Today I received an email solicitation for an upcoming conference that has appeal because it's online and the topic is on The Culture of PTSD. It's relatively affordable, it's available as an audio download OR a CD, and I can choose to eat the food I have on hand that I like rather than hope the box lunch or buffet offers palatable options. And it's worth 9 credits, which could bring me up to 17 without leaving the house!

But more to the point, the topic of PTSD fascinates me in general and with dog clients specifically.

I would argue that dogs in a shelter environment are no different than Prisoners of War. The POW camp may be deluxe and the POW camp may be a pit stop to the gas chamber, but the residents are effectively sent there as prisoners. Previous owners may have abandoned or given up on them directly by bringing them in and paying to relinquish, or the dogs may have been thrown out of cars or abandoned in parks or just plain locked out and given up and thus picked up as strays and brought to a location that invariably includes being put in a cage.

The dog might be given a physical exam by a veterinarian and somewhere someone is going to assess the dog's suitability to be adopted and if the dog doesn't pass the test, the dog is generally euthanized. My friend Tracy Ann of Zen Paws could certainly quote you the real numbers of dogs that are euthanized each day or you could just do a google or other search engine search for those stats.

The dogs we abandon, give up on, lose or otherwise fail by not meeting their needs can, if the situation is ripe, develop symptoms of PTSD. I'm fully for rehoming a dog who doesn't fit into a home -- I've talked before about people making impulse choices that result in a poor match between person and dog -- and this is a topic that merits a heck of a lot more than a blog post -- but if the recognition of trauma (that the dog perceived it as trauma is the key here, not our subjective opinion based on the traumatic incident) that leads to PTSD that leads to manifestations of behaviors of dogs that are either outwardly scary (i.e., aggressive displays such as barking, lunging, snapping or biting) or inwardly scary (i.e., a dog showing self mutilation as in biting or excessively licking him/herself to the point of injury), I'm here to argue that it is treatable.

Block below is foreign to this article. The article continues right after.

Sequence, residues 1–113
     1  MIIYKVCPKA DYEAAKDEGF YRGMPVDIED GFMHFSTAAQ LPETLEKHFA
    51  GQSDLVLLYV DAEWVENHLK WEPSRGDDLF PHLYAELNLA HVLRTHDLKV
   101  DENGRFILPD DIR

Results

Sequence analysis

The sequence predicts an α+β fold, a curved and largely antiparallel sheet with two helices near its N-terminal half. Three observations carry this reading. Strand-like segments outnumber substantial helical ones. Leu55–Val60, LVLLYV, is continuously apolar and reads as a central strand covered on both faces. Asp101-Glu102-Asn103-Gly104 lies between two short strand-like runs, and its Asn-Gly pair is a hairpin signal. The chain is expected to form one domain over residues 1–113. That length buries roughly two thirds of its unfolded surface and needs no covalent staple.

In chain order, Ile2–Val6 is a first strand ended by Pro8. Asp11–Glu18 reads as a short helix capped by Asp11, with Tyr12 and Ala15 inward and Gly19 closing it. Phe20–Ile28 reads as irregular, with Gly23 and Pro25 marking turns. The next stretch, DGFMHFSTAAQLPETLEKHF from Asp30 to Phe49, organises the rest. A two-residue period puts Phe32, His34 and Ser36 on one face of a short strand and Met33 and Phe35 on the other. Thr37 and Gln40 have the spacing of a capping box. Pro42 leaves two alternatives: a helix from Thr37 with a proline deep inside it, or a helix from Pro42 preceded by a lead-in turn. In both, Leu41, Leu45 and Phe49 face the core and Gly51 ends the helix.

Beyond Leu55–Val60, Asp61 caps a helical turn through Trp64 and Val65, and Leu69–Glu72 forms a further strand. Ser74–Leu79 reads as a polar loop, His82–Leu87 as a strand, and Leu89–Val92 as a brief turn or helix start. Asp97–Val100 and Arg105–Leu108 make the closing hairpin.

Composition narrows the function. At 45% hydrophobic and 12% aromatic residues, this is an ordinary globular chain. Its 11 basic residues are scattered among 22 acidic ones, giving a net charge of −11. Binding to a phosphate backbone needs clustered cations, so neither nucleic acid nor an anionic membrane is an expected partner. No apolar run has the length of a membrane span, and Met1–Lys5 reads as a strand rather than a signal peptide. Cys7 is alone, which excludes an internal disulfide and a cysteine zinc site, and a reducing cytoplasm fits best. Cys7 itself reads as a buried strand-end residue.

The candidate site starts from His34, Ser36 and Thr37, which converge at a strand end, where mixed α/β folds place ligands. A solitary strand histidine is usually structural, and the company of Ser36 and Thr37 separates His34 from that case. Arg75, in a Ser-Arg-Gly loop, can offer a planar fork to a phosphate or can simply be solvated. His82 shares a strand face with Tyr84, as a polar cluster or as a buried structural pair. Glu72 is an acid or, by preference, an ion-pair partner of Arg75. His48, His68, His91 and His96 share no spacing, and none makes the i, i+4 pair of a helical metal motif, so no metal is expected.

The potential client who might find me through an indirect approach (not a former client or trusted vet referral) might be focussed on house training. But with a little bit of probing, it becomes clear to me that the problem the potential client is calling about is simply the tip of the iceburg - it's symptomatic of the bigger picture. It's addressing the bigger picture that is key to successful training.

By understanding temperament, known history, presenting problems and dynamic in the home (which can only be seen IN THE HOME), then an effective treatment and training plan can be implemented to help the problem. Even with dogs who suffered PTSD. And from my perspective, those are the most interesting cases clinically. Perhaps if there is interest, I'll start providing case studies to illustrate how training helps!

Now off to see if I can organize and plan for all my CEU's in a more timely way than last time (honestly I got my CEU's and license renewal info in the mail at 11:45 pm on the night of my deadline and I don't want to do that again!).

Tuesday, February 12, 2008

Do Houses Remember?

Snow is falling, again. Arctic air brings cold temperatures which freezes my I take a walk. Helps me process thoughts and get exercise and avoid gathering estimates on repairs and thinking about the inevitable bursting of the same pipe that froze and was repaired last month. Music from my ipod blasts through the earphones and when the rhythm finally gets going both in my head and with my pack, the dogs and I walk in harmony on the slippery sidewalks.

(Trip walks behind my feet, so he doesn't show up in these forward facing photos)

Today's path led us up and around my neighborhood and we passed by a house that sits on a hill at an angle looking down on a slope of street. We've passed this house hundreds of times on foot, hundreds by car. I even went and looked at it and was inside when I moved back here in late '95 but was not entranced by its somewhat utilitarian look and warren of small rooms and low ceilings.